Recently, the Citizens Advisory Committee for Utilities was becoming a lively bunch. The proposed increase in electric rates had put members of this newly reactivated board front and center. There meetings were even drawing attention from the print and broadcast media.
A recent presentation to the group by the COT utility rate consultant, who calculated the need for millions of dollars in rate increases, resulted in members proposing new approaches to evaluating the actual need for a rate increase. Member Dominic Calabaro recommended that the city hire a consumer advocate to review the specifics of the proposed rate increase – something that has never been done. City Manager Anita Favors said it was good idea, but it was never publicly recommended to the city commission.
Other members were successful in securing an additional meeting to further quiz the COT consultant on the specifics of the rate increase. Committee member Jim Croteau pushed for the additional meeting by saying “obviously, we’re of no use if we don’t have time to discuss the underlying assumptions.” The meeting was cancelled and rescheduled for July 12th . However, Tallahassee Reports was told that the COT consultant would not be attending the rescheduled meeting.
But now, none of this really matters.
On June 30th, at the budget workshop the city commission voted (Mustian voted against) to accept a proposal made by COT electric staff to spend $19 million from the operating reserves to cover increased electric rates. The electric staff offered two proposals, neither were vetted through the citizens advisory committee and neither of the proposals gave the city commission the option of hiring a consumer advocate to review the rate study and recommend cost cutting measures.
“With this action we will close the rate study and reopen it next year” said assistant City Manger for utilities Rick Fernandez. When quizzed by a couple of commissioners about the lack of input from the Citizen Advisory Committee, Mr. Fernandez stated that members “have asked a number of questions and I think a lot of them were sort of elementary questions.”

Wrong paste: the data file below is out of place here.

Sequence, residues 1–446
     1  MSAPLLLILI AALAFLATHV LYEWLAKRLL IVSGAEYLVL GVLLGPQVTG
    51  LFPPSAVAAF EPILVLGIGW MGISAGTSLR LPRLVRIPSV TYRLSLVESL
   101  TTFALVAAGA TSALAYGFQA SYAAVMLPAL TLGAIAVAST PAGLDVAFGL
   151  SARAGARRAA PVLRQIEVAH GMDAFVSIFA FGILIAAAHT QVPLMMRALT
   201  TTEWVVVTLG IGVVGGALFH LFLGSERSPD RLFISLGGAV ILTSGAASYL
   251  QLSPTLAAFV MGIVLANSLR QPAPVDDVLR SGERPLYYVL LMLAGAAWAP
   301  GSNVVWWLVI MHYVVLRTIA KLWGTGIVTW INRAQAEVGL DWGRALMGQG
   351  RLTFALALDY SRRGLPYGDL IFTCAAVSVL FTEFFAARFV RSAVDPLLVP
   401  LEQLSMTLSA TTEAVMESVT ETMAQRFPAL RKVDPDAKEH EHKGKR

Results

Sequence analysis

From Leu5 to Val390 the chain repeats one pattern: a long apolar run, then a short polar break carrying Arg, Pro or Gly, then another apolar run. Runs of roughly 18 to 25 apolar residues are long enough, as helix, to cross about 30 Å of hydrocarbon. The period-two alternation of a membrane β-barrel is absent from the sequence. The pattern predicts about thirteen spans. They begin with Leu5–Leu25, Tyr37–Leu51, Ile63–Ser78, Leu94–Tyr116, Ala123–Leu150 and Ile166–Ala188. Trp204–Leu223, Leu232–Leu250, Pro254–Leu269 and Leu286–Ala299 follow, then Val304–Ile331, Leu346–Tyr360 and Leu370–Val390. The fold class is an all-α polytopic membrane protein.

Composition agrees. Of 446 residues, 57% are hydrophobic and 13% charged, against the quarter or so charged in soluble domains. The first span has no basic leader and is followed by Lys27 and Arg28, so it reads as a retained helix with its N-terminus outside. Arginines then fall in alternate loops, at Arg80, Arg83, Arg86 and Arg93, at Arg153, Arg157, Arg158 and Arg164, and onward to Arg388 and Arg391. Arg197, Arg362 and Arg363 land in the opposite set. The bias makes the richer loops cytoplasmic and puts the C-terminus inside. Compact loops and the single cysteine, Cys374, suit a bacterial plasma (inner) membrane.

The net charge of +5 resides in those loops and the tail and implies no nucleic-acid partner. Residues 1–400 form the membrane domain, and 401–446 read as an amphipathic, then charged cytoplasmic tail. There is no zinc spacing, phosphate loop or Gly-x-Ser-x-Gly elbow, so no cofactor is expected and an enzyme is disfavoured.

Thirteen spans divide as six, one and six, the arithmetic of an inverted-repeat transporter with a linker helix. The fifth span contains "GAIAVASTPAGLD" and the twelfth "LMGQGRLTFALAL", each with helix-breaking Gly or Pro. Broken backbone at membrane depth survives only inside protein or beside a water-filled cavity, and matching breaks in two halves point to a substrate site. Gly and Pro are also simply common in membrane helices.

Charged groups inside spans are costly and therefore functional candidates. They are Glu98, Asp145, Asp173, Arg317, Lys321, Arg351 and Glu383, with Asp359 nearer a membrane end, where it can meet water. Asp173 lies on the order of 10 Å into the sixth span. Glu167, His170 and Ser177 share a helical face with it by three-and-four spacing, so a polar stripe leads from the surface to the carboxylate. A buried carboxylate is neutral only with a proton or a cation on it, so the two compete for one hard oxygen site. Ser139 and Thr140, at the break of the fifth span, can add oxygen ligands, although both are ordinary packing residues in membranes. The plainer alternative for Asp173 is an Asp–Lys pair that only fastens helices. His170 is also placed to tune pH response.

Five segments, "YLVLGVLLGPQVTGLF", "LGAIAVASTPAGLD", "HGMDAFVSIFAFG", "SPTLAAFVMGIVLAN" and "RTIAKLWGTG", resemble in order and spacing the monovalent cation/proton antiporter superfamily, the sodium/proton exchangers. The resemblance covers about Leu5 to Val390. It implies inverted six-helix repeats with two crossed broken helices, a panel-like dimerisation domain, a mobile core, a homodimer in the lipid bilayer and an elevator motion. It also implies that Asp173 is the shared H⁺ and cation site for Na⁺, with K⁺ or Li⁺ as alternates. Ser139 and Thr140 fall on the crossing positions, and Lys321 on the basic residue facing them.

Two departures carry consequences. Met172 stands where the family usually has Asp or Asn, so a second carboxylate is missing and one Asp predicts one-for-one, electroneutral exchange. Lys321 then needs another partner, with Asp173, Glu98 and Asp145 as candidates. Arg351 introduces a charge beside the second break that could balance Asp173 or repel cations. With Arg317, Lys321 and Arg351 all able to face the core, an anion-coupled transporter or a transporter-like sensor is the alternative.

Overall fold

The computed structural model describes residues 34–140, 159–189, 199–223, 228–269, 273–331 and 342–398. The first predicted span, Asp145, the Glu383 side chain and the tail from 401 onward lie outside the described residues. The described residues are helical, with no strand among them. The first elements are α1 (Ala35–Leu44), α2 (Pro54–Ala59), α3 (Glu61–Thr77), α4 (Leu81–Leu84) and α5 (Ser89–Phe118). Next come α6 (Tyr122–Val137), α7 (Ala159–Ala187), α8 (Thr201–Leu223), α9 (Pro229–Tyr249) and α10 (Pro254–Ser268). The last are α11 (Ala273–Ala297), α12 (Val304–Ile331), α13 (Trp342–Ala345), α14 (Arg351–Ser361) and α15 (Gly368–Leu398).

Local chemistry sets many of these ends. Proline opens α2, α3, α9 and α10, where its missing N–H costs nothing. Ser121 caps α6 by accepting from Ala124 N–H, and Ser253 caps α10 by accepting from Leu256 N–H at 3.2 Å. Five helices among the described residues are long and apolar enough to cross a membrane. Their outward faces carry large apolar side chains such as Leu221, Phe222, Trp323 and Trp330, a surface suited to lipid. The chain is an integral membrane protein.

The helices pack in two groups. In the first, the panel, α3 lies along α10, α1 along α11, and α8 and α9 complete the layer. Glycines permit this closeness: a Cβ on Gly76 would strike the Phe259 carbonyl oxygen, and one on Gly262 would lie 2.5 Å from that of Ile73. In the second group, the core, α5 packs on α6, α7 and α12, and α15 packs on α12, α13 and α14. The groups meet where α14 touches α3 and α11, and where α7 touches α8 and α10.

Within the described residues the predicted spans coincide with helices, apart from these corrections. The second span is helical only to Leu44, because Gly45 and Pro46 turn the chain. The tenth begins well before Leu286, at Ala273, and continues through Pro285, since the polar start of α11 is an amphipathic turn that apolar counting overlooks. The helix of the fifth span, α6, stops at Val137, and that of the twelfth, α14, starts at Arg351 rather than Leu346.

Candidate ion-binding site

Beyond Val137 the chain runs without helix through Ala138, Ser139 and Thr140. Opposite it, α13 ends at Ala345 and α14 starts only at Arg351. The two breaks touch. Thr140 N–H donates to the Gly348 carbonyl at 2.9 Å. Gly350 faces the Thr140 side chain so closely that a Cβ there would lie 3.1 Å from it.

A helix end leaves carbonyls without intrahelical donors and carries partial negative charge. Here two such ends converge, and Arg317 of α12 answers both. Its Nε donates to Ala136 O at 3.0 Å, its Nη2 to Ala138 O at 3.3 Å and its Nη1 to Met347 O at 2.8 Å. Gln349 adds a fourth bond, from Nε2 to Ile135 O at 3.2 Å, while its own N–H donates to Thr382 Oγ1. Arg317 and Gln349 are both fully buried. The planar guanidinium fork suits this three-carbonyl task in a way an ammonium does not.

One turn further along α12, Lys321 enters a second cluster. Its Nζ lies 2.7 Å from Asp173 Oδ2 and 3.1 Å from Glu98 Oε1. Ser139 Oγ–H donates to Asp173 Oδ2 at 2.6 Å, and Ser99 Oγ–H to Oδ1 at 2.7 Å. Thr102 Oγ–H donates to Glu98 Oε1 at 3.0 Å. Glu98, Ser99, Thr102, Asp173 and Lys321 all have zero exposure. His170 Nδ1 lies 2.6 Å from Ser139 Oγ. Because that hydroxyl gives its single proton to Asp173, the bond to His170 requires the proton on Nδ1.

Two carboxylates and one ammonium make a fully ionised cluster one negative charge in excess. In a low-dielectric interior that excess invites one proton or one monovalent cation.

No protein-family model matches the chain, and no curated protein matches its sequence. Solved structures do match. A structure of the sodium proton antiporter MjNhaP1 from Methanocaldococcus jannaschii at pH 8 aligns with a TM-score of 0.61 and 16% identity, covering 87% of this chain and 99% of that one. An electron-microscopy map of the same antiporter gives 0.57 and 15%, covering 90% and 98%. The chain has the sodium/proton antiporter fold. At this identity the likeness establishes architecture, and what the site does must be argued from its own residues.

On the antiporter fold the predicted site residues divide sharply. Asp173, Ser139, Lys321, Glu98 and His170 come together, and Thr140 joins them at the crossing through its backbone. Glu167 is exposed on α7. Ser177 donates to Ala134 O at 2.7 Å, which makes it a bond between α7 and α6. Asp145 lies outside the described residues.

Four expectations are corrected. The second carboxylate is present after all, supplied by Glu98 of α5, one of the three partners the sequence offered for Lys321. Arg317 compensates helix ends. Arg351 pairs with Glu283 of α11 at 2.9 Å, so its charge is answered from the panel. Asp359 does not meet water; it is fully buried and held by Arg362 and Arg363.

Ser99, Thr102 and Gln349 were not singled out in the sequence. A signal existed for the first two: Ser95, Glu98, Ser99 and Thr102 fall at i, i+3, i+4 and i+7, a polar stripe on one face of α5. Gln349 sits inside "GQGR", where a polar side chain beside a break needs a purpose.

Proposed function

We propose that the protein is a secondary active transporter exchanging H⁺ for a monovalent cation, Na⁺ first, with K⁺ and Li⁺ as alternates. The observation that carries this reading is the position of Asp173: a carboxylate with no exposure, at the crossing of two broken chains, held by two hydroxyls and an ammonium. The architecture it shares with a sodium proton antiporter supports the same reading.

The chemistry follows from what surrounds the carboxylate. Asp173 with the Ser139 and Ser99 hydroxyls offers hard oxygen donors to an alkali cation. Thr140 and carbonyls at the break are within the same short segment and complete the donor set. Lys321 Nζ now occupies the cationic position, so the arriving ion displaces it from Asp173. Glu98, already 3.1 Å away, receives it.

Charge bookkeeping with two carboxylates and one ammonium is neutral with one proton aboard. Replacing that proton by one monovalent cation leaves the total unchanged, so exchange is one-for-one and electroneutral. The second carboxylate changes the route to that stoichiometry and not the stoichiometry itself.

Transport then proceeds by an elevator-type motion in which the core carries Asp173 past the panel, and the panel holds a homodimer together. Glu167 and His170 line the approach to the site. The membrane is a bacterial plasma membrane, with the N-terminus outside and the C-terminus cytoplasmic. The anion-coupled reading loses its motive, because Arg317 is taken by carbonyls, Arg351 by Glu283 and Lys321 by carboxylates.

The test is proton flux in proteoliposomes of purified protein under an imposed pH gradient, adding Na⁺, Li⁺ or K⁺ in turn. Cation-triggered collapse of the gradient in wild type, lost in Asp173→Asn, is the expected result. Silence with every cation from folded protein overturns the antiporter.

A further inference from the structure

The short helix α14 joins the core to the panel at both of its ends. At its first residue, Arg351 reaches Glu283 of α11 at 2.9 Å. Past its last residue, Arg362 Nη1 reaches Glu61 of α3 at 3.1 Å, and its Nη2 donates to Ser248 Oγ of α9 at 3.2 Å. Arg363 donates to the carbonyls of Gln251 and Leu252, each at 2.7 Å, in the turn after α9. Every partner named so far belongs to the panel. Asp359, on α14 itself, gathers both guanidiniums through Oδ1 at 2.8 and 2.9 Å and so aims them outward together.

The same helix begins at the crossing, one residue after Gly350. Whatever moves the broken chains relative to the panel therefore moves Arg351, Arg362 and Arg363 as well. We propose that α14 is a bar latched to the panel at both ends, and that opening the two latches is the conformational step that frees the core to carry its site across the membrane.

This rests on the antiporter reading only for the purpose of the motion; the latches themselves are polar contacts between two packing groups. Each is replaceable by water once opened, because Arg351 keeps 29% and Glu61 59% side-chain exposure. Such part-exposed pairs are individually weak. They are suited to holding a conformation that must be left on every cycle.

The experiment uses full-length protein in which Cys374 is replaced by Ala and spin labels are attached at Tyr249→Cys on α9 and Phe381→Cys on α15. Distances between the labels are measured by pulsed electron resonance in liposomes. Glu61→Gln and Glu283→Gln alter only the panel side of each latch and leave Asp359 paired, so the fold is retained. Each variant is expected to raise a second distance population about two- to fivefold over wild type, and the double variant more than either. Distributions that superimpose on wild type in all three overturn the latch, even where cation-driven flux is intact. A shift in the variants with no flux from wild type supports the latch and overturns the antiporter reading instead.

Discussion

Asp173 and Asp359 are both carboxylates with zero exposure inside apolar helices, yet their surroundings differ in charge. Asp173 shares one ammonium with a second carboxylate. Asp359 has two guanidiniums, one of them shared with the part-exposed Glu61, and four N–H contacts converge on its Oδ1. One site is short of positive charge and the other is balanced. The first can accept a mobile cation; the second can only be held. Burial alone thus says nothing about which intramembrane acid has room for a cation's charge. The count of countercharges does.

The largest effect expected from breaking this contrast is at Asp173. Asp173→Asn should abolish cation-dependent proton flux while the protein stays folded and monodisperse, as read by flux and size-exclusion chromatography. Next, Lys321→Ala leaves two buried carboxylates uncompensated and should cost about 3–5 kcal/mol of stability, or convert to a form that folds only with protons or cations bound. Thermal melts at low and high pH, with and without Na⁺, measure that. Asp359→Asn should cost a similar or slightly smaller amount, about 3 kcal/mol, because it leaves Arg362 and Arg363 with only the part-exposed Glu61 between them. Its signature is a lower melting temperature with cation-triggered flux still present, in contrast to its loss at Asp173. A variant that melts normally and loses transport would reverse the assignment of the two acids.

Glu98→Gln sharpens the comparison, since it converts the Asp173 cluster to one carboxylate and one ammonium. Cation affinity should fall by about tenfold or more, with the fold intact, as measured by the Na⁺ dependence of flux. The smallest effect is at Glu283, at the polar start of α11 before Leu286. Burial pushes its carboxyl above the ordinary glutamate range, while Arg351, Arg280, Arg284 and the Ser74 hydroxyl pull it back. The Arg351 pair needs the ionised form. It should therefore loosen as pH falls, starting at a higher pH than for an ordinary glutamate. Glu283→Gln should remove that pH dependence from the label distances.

There was no mention to the commissioners by Fernandez or City Manager Favors about the desire by members to spend two hours questioning the city’s paid consultant about the rate increase or the recommendation of a couple of members to hire a consumer advocate to review rates.
The final straw for the COT electric utility staff must have come just days before at the financial viability meeting where Commissioner Mustian and Commissioner Gillum quizzed the staff about the proposed rate increase. Commissioner Mustian repeatedly requested information about the drivers of the rate increase and was clear in wanting to spend some time flushing out the issue.
So much for “flushing out” the specifics of the rate increase!
With almost three months before a final vote on the budget and a citizens advisory committee ready to ask some substantive questions, the city commission voted to spend $19 million without any input from the committee and without answering any questions about the specifics of the rate increase.
None of this should be surprising. The reactivation of the committee was due to pressure from the Leon County Board of Commissioners, not because of any sincere concern from the city. The fact that the city manager appointed the members and the committee reported to her, really limited their ability to make a difference. As a member of the advisory board told Tallahassee Reports months ago, “the city manager does not want a real debate on any of these issues.”